The novelist Chimamanda Ngozi Adichie has had commercial and critical success: her best-seller “Americanah” won a National Book Critics Circle Award for fiction, and a speech she gave on feminism was sampled by Beyoncé. But Adichie is skeptical of fame, and not afraid to voice controversial opinions. At the New Yorker Festival in October, 2017, she spoke with David Remnick about how the left in this country seems “cannibalistic” and how, as a Nigerian immigrant to America, she at first distanced herself from our country’s conception of blackness. America was complicated for Adichie: she appreciated the freedom from the social hierarchies back home, but she had imagined that everything would be and shinier than it really was.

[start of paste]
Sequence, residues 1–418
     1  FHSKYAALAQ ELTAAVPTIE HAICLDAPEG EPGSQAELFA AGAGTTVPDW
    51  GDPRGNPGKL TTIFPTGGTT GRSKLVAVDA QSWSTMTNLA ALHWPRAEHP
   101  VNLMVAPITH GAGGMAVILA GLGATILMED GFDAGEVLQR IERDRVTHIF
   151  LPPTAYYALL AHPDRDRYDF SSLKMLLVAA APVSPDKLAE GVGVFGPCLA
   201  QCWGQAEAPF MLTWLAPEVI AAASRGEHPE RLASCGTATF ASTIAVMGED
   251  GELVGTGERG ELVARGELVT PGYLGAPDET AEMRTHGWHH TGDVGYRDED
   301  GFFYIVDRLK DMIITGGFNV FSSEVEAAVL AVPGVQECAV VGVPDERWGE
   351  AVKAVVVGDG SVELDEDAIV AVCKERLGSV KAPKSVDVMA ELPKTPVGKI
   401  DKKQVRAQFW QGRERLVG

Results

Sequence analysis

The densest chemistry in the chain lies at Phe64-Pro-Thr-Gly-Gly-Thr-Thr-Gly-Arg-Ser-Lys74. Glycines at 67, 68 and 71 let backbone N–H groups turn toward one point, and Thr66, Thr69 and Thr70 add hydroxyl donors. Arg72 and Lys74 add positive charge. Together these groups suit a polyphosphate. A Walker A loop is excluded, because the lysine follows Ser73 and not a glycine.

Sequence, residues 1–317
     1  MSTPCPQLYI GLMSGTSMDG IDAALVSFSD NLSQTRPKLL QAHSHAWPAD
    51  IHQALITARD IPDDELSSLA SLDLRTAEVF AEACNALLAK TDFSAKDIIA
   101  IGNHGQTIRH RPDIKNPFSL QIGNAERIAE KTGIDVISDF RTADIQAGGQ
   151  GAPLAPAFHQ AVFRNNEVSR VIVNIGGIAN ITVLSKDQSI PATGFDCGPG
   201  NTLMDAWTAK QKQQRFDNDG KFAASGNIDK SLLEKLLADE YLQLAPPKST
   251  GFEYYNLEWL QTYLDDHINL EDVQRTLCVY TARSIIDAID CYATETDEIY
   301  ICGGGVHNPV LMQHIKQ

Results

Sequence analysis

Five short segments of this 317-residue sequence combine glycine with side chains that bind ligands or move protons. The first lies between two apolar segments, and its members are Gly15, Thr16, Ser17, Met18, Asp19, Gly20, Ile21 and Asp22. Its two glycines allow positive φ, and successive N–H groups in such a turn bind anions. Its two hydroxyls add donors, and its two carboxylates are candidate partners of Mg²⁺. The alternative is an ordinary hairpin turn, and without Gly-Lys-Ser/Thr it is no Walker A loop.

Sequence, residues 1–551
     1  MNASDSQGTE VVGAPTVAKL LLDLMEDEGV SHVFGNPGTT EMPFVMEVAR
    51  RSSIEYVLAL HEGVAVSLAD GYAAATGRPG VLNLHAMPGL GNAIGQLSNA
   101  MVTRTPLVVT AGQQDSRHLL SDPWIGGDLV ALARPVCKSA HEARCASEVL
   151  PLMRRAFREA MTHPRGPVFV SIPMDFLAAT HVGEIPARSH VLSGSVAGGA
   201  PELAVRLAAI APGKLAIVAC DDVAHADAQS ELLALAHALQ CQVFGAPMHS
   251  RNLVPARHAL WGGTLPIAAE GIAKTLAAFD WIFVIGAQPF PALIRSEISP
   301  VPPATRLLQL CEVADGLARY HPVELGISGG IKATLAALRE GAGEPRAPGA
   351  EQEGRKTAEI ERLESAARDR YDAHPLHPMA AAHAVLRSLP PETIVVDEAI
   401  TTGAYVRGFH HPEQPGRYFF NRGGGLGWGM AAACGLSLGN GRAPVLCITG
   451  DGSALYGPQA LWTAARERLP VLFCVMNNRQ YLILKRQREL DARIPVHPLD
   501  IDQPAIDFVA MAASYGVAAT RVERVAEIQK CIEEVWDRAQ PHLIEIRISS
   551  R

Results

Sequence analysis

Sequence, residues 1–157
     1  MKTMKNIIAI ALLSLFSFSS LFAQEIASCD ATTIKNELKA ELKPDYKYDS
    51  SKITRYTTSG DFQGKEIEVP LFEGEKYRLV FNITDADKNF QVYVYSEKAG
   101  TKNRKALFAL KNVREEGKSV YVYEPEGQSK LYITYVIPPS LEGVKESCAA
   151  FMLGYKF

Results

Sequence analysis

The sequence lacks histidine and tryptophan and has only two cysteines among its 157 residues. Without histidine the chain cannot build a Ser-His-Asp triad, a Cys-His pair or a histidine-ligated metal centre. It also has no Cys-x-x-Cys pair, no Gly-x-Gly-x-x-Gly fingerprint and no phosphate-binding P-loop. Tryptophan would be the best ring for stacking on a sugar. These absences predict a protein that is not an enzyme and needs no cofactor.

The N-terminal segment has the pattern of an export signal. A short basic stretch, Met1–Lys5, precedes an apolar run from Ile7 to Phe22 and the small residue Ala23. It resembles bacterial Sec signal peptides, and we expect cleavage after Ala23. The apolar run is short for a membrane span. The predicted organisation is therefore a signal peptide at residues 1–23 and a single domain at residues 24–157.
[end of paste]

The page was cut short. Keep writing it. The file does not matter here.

<script async src=”//player-backend.cnevids.com/script/video/59ce9baa2d1ca03cde000003.js?iu=/3379/newyorker.dart/share”></script>